Tragedy at the No. 9 Mine
On November 20, 1968, the small town of Farmington, West Virginia, became forever associated with one of the worst coal mining disasters in history. On this day, 99 men went to work at the Consolidation Coal Company No. 9 mine. Of those, 78—ranging in age from 20 to 63 years old—lost their lives. The mine was sealed with 19 bodies still inside.
The book No. 9: The 1968 Farmington Mine Disaster is the product of author Bonnie Stewart’s three-year investigation into media accounts of the event, state and federal inspection records, sworn testimonies, and coal mining laws. The nonfiction book recounts the disaster, the conditions that allowed it to happen, and the progress made in mining safety regulations since. Stewart grippingly outlines the shortcuts and money-savers that emanated from a “coal first, safety second” mentality. She tells the tragic stories of the men whose lives were cut too short.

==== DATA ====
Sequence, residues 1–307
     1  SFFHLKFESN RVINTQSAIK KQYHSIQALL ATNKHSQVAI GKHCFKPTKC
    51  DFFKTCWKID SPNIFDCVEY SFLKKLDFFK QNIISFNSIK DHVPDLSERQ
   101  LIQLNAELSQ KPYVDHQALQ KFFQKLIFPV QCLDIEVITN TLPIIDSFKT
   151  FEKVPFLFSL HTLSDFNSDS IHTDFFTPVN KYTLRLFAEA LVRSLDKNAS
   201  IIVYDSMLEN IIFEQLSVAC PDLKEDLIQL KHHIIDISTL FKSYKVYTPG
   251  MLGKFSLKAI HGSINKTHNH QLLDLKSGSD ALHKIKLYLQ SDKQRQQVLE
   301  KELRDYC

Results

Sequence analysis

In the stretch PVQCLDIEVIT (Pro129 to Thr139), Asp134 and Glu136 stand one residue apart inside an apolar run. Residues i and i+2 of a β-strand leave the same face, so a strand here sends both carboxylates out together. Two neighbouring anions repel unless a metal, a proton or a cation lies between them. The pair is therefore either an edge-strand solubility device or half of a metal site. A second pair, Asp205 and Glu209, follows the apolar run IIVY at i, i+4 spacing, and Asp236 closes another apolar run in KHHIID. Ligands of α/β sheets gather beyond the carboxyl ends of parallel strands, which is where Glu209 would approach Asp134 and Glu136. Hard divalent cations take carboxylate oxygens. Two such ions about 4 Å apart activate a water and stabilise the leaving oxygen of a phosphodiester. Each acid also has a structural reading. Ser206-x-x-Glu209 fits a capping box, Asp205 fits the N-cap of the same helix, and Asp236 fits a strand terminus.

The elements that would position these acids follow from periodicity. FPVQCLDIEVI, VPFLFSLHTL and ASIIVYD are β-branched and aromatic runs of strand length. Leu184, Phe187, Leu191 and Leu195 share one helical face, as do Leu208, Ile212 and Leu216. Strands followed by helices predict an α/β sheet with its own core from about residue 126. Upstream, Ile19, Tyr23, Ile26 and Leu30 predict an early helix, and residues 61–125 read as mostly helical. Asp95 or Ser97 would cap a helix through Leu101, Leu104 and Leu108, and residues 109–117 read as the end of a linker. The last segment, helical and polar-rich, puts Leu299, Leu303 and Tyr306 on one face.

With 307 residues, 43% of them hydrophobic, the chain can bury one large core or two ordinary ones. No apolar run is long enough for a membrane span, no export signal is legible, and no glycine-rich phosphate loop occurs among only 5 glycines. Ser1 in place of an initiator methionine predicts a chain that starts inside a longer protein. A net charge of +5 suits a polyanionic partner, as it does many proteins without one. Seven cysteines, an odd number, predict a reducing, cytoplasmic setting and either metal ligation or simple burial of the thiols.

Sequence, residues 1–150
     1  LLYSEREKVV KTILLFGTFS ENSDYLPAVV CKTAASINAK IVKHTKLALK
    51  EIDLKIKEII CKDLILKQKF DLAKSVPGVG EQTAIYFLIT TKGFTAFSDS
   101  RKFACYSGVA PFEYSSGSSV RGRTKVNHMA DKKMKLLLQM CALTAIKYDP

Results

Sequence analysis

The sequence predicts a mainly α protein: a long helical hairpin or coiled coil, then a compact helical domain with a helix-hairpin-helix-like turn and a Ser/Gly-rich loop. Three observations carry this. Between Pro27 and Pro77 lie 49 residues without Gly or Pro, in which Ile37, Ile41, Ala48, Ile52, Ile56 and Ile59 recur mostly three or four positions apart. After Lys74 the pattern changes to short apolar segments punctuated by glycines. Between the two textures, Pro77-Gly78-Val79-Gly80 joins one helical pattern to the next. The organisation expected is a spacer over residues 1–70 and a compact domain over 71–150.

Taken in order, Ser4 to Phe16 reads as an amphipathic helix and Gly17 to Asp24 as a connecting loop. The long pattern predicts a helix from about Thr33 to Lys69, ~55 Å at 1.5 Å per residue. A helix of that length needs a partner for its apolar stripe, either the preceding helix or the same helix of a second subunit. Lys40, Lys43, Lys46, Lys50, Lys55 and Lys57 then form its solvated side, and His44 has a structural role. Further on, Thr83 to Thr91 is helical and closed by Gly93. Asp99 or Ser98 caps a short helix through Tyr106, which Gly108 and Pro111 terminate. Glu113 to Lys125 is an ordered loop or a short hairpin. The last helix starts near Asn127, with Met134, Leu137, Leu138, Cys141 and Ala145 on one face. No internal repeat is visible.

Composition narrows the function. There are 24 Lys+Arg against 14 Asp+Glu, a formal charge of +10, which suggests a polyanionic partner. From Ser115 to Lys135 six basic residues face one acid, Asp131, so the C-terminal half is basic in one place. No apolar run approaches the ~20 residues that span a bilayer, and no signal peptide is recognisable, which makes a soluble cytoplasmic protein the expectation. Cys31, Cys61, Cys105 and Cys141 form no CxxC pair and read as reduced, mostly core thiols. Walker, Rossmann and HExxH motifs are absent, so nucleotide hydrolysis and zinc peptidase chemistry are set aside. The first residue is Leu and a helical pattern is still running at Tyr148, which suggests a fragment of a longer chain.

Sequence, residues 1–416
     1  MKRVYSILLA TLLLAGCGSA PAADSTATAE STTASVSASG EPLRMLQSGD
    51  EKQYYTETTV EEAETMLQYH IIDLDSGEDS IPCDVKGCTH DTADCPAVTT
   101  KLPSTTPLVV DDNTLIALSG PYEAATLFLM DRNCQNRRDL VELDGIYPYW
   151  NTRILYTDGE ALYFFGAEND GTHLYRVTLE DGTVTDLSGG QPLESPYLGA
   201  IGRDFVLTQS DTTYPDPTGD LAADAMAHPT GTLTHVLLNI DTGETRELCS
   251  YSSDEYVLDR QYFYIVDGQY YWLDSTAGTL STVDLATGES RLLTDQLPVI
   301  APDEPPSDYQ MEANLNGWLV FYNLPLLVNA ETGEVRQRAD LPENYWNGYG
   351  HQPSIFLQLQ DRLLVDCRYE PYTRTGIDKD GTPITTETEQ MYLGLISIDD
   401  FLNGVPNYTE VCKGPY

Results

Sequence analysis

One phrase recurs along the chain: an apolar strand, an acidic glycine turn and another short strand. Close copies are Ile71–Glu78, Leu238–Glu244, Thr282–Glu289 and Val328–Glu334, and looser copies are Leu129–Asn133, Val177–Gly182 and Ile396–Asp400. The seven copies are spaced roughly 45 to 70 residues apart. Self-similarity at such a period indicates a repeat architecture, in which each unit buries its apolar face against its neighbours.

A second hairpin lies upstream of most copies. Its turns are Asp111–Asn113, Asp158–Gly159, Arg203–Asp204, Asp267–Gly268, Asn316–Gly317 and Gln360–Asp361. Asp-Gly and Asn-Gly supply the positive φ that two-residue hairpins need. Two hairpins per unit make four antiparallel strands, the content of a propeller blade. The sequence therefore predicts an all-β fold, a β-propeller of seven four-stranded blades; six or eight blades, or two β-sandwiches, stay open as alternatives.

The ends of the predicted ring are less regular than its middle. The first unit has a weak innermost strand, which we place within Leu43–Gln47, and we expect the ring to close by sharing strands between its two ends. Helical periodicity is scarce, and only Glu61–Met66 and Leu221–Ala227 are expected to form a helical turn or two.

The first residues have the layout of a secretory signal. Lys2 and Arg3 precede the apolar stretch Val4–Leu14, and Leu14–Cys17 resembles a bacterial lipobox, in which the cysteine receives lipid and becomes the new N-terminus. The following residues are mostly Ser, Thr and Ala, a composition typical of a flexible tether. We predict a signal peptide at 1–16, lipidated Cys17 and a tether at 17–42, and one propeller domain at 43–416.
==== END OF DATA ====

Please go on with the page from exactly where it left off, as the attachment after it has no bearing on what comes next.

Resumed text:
No. 9 is a must-read for anyone interested in West Virginia history or coal mining. In the wake of other mining disasters, including the April 2010 blast at the Upper Big Branch mine in Montcoal, West Virginia, that killed 29 men, it is clear that the issues in Stewart’s book are as relevant today as they were in 1968.
Stewart previously taught journalism at West Virginia University and has worked at The Indianapolis Star as well as The Press-Enterprise in Riverside, California.